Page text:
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Author: Jack Dolan, WhiteHot Marketing Intern

“For sale: baby shoes, never worn.” This story, known popularly as the shortest novel ever written, is commonly attributed to Ernest Hemingway, although no concrete evidence has been able to prove it. Yet in only 6 words we grieve with this expecting mother as she bemoans the loss of her beloved child by trying to sell all of the possessions they never wore. Even for a guy like me who’ll never experience the physical tolls of childbearing and childbirth, this story makes me want to bring my loved ones closer and cherish the time I have with them.

The connection of human emotion has become the most coveted corporate concept in today’s business world. Why? Because of its ability to create single-time buyers and convert them into long term consumers. Feeling an emotional connection with a company´s humble beginnings, failures and eventual overall success helps consumers feel a desire to continuously invest in the same company.

How then can this connection be created? In the exact same way that the six-word novel above did: telling a story. The simplest way to create an emotional bond is to tell someone else about what we’ve been through so that they understand our point of view. Brands constantly strive and invest resources to create that bond because, at the end of the day, there are people just like us behind every Nike swoosh, McDonald’s golden arches and Microsoft window display. They feel tired, work long hours and strive to care for their families just like most everyone else, and that logo wants us to see that.

But is there a template? Is there a strategy to more effective storytelling? Here’s where we turn to the pros. Julie Cottineau, founder and CEO of Brandtwist, gives some important advice outlined in an article published in Entrepreneur:

1. Be real, relevant and rich
Catch the consumer’s attention from the start by sharing the emotional feelings and specific insights surrounding the moment you came up with the idea you were going to start your business. Avoid the usual informational approach about when the company was started, etc.

2. Be twisted
Provide a twist that helps the consumer understand what sets you apart from other businesses, much like a plot twist in a novel.

3. Share the “ugly”
Share your failures and help consumers understand how you learned and improved after experiencing them.

4. Have conflict, heroes and resolution
Help the consumer see the new and different ways you’ve used to overcome common obstacles in order to be successful.

5. Give them a memoir, not a biography
Remember the common “What’s in it for me?” mentality of consumers while writing and stay relevant to your audience.

One well-known and articulated brand story comes in the form of Apple Inc. Late CEO Steve Job’s story of his success incorporated much failure and financial hardship. However, he continued to overcome financial obstacles, striving to create consumer technology that would become household staples. This story has been popularized through the publication of his biography, the dramatization of his life in the recent movie Steve Jobs, as well as the film Jobs, in which Ashton Kutcher portrayed Steve Jobs from college up to his journey of self-discovery.

Now comes another very important question: Did this brand story single-handedly fuel the success seen by Apple? Of course not. This blog article isn’t to say that a brand story will create immediate success. In Apple’s case, innovations in the technology field, price of the product, etc. also helped. But ultimately it’s Steve Jobs’ tale that helps persuade many buyers, showing what he and the company have gone through and have been able to overcome in order to provide a stellar product. That persuasion is the whole point of this article: to show that brand stories help create the added push needed to persuade consumers to commit to buying a product.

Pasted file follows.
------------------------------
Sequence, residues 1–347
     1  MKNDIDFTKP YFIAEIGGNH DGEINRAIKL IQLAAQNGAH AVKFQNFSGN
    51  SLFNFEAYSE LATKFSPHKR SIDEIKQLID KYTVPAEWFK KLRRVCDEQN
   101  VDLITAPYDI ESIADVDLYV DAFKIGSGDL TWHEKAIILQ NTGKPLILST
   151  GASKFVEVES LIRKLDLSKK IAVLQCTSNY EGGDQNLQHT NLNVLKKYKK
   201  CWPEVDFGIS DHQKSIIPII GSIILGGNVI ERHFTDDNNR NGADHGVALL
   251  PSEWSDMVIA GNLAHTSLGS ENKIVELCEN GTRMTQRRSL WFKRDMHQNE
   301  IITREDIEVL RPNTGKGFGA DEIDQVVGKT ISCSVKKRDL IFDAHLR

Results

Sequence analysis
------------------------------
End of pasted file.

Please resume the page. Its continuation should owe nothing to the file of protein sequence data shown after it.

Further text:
One final question: How does this relate to WhiteHot Marketing? What’s our story? Why should you do business with us? Our story is similar to Apple’s in one way: our leaders have a passion for the arts, which has led them to be passionate about things other than marketing. Our president, Margaret Osborn, entered college as an instrumental music major. That didn’t last long, as an English lit professor helped her see her strength in communicating by giving her a perfect score on a thesis centered around the papacy, which set her on a path to launch her 15-year career as the director of marketing, planning and PR in a hospital system. This experience led her to be passionate about the consulting side of business, in addition to planning and strategizing.

The same passion can be found in our VP, Kevin Doyle. At the age of 8 he learned how important the thrill of organizing campaigns was to him. This led him to start a graphic design bachelor’s degree at Indiana University, where he learned that he enjoyed creating interactive websites and videos much more than Hallmark cards, a field to which many graphic designers are consigned. This has helped him create wonderful websites garnered towards our clients’ needs, as well as ways to measure growth and engagement for each of them.

I know it’s not as in depth as the many stories about Steve Jobs, but our staff is human. We have likes and dislikes, and there are people behind our brand that work hard at trying to exceed our clients’ expectations. The reason we exist is to help other people learn your brand story.

Whether you’re trying to sell unworn baby shoes or an innovative computer design, business nowadays requires more than just a stellar product; it requires a relatable and persuasive brand story. By following several simple steps, your success in persuading clients and consumers alike can be facilitated just by talking about yourself. Challenge accepted?